I enjoyed dinner with my local friend the next day and learned that he was not happy the driver was friendly. Apparently this is a faux pas in the country and was alarming to him for some reason. I need to make it very clear that at no point was the young man disrespectful, alarming or inconsiderate. He showed me pictures of his two young children and talked about his wife. He was a lovely gentleman. I’m not sure what the issue was, but my friend insisted it was not acceptable.  Trusting him, he called the travel agency and requested a different driver. (To this day I’m confused as to why this happened)

Speaking of culture. Perhaps my best experience in Jordan was with my friend doing a local Eid tradition. We got a goat, went to his house and retired it (the humane way, with a knife to the artery) and then split the meat. 1/3 to family, 1/3 to those in need and 1/3 to friends. Don’t be afraid to ask locals to join in their festivities.

What to See and Do in Jordan: The Dead Sea, of Course!

The next day, a different driver took me down to the Dead Sea to continue the adventures of what to see and do in Jordan. The Dead Sea is a 45 minute beautiful drive. Your ears will pop rapidly as you reach the lowest point on Earth.  You will pass by sights to stop and see, such as Mount Nebo and the Baptism Sight of Jesus. You can stop to explore them all if you wish. No living organism survives in the Sea and it’s 8.6 times saltier than any ocean. A strong health research center due to the low content of pollen or allergens, reduced UV light and high atmospheric pressure.

Dead Sea in Jordan

I had taken several things with me so I could stay the night at the Kempinski Hotel Ishtar Dead Sea.  The room was so-so but the grounds were beautiful. I was put into a room with two twin beds (although a king room was reserved) because I was checking in as an unmarried woman. Be prepared to show a marriage certificate at some hotels in the Middle East if you are married and checking in with a significant other. Also, be prepared to be disallowed a single room if you’re not married! This may not happen to you but it has happened to several of my friends.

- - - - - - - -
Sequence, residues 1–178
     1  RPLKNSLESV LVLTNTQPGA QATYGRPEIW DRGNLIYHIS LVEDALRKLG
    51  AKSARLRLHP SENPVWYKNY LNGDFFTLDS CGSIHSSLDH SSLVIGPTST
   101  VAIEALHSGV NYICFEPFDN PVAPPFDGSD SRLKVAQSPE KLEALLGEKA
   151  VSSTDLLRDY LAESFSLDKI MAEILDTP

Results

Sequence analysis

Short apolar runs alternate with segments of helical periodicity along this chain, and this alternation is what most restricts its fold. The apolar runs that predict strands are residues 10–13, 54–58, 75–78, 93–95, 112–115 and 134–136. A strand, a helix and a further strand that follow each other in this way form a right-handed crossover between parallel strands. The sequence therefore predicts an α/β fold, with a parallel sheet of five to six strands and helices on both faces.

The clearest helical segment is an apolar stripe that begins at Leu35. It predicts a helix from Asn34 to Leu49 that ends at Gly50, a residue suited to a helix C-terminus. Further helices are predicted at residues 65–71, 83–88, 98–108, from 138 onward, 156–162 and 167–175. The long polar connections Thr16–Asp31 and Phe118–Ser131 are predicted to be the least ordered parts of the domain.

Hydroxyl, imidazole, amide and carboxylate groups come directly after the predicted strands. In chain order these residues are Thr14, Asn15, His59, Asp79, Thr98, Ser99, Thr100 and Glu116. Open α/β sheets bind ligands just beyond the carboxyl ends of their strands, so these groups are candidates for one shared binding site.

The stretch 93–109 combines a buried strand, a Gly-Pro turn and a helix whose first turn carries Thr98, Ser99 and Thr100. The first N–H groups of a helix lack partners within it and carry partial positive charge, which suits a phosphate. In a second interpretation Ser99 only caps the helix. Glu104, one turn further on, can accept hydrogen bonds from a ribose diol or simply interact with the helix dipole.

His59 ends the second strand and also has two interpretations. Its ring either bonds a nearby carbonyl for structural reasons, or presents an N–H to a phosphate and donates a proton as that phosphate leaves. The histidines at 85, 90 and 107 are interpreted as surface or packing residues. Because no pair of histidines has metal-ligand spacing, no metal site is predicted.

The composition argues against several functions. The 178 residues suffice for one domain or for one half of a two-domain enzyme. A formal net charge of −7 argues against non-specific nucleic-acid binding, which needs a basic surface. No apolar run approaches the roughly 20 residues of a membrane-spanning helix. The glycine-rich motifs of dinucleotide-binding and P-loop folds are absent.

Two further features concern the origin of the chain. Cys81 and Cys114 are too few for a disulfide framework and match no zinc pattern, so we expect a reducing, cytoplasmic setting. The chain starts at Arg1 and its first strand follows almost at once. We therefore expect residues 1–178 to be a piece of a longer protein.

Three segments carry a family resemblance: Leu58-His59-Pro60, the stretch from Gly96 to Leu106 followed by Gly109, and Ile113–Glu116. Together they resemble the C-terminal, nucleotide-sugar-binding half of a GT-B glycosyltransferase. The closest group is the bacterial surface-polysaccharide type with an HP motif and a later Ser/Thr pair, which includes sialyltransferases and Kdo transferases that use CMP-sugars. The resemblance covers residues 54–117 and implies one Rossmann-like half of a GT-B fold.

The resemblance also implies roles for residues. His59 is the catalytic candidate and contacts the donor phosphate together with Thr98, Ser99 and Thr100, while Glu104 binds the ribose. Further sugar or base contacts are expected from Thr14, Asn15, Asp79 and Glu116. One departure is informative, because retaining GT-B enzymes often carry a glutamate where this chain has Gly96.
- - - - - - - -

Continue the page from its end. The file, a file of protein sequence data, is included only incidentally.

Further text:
I quickly put on a swimsuit, and headed down the long trek to the water. Along the way, there were a couple of pools with women in burkini’s smoking argileh. There were many other European or western women in bikinis. This was a melting pot of diversity, and nothing that felt concerning at all.

Many people were putting mud on themselves or having the hotel staff do it. Dead Sea mud is said to have healing properties and contains minerals only found in the Dead Sea. You can easily see Israel from your room or from the water and the view at nighttime was romantic and beautiful.

I laid on a chaise for a bit and then headed down to the water. About halfway down, I slipped and fell pretty hard from the minerals that have built up along the sea. It’s a phenomenal site, and the most gorgeous water I have ever seen in my life. Lots of different colored minerals and salts form on the rocks.